Stock Buybacks a Piece of “Financial Engineering Game”, by Bruce Wilds
Stock buybacks are mostly hocuspocus, and operate on the hope that buying in shares, particularly with borrowed money, will work the same magic as cutting up the same size pizza into more slices to justify increasing its price. From Bruce Wilds at brucewilds.blogspot.com:
In today’s market far too much has become based on financial engineering rather than making money. Prior to the Great Depression share buybacks and margin lending was a huge factor in lifting stocks to an unsustainable level. We must remember this today because for years we have seen a slew of stories and articles about how companies buying back their own stock are driving the market higher. I would be amiss not to comment on this and point out the impact and importance of stock buybacks and how they add to both low volatility and at the same time support “crazy high” valuations.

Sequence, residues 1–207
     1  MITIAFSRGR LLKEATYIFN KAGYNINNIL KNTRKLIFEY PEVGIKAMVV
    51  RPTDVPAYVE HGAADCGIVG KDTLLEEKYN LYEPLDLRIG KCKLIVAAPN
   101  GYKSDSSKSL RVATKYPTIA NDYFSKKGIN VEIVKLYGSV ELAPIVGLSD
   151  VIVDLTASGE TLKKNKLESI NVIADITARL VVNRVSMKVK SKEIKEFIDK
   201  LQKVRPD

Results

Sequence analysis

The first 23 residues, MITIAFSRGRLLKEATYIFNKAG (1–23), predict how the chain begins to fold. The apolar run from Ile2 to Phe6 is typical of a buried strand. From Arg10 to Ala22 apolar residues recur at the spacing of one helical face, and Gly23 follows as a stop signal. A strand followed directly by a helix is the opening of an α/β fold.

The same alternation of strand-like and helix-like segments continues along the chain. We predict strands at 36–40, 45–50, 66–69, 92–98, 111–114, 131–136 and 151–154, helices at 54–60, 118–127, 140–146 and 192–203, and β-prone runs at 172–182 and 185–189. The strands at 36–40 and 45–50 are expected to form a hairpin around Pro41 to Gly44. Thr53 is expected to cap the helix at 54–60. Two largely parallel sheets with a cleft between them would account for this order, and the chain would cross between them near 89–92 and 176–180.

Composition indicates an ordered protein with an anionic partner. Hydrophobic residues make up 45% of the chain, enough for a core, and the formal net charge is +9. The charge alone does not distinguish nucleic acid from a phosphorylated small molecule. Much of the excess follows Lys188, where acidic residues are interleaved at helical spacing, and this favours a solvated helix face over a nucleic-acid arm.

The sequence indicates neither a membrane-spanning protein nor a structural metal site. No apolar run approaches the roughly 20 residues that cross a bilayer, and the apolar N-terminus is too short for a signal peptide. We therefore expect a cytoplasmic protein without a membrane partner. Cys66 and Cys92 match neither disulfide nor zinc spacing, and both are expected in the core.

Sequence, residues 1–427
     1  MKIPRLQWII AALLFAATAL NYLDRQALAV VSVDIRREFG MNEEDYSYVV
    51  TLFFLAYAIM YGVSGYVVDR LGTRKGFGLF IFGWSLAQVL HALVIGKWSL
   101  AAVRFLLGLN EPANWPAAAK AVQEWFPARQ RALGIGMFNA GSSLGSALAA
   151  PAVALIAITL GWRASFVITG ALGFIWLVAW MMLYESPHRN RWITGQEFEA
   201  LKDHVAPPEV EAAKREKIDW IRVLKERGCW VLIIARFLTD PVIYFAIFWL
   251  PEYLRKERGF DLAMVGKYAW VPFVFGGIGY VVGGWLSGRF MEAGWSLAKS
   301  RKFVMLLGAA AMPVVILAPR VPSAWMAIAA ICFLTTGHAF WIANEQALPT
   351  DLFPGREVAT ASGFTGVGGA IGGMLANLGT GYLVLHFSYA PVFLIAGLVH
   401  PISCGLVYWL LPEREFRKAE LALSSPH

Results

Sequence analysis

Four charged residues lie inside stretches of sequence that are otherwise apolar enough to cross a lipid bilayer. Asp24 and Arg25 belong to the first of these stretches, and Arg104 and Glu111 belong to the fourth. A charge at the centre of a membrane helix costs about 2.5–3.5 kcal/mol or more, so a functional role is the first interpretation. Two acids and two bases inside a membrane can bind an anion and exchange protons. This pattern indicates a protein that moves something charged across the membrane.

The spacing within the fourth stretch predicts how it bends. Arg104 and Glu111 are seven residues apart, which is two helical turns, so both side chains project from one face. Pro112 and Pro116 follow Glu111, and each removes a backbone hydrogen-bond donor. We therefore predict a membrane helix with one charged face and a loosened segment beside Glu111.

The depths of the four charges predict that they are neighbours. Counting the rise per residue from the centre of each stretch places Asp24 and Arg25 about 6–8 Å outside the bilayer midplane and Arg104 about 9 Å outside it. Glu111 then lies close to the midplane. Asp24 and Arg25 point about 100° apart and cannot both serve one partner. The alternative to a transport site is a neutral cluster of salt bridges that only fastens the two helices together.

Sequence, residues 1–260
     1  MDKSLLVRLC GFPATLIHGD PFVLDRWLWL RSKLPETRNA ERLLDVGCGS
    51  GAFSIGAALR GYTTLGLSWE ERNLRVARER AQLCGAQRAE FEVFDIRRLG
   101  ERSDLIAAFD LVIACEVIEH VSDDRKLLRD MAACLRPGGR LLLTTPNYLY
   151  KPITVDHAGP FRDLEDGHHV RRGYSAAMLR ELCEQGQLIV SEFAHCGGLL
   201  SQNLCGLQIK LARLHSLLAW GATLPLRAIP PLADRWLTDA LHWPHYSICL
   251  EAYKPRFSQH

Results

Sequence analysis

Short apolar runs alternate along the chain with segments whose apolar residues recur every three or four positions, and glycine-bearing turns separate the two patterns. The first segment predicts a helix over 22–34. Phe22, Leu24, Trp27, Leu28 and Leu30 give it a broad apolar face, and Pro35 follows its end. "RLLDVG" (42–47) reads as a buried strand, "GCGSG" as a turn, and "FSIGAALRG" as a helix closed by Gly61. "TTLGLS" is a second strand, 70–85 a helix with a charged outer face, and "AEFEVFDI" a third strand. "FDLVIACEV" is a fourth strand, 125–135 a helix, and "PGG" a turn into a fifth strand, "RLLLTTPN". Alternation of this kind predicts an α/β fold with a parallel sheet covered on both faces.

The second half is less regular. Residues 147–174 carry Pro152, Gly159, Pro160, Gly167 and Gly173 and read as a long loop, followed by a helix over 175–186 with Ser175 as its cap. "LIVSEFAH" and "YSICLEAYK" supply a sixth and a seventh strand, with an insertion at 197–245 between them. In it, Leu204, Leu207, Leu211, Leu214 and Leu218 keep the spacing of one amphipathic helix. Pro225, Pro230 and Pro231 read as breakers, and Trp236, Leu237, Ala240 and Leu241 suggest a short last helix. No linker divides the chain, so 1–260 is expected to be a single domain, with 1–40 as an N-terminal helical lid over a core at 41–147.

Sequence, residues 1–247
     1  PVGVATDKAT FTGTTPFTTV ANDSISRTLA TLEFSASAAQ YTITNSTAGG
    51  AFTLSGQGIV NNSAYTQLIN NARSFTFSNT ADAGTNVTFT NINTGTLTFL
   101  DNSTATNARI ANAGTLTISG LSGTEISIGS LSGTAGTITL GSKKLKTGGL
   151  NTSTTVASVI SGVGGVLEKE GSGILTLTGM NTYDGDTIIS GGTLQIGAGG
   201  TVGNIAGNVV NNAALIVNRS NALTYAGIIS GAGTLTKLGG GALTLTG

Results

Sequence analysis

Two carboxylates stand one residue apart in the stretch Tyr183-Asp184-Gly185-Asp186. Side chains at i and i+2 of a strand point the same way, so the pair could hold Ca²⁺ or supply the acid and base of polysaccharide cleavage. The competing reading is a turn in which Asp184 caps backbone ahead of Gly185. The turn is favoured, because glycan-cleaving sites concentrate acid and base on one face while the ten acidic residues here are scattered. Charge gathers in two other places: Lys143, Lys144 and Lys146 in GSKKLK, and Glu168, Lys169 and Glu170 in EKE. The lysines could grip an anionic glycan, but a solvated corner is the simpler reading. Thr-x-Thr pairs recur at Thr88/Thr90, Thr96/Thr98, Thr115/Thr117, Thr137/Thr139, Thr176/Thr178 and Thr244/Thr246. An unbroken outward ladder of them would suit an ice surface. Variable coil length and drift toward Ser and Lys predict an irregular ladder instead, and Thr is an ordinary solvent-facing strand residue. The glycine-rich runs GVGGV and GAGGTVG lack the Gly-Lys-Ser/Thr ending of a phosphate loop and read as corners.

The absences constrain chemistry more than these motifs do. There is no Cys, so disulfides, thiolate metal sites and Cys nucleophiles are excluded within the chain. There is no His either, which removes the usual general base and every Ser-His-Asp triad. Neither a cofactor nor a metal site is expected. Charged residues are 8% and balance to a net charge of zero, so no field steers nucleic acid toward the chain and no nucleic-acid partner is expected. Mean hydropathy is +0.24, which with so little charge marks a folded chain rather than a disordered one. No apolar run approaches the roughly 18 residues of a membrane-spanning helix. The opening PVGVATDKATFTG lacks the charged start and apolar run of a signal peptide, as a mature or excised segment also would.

For decades stock buybacks were illegal because they were considered to be a form of stock market manipulation. They were legalized in 1982 by the SEC and since then have become a tool for companies and management to boost share prices. Buybacks have been described as “smoke and mirrors,” because when a company buys back shares of their own stock they reduce the “share float” and increase earning per share.
|Stock Buybacks Just Keep Coming
Buybacks should be viewed as a double-edged sword with great power in that they reduce the number of shares over which earnings are divided at the same time they add to market demand. Buybacks can give the impression the companies earnings are increasing while in reality, overall earnings may be flat or even on the decline. The deregulation of buybacks years ago has returned to haunt us because it tends to create a dangerous illusion that draws less sophisticated investors into a market that is not nearly as strong as it appears.
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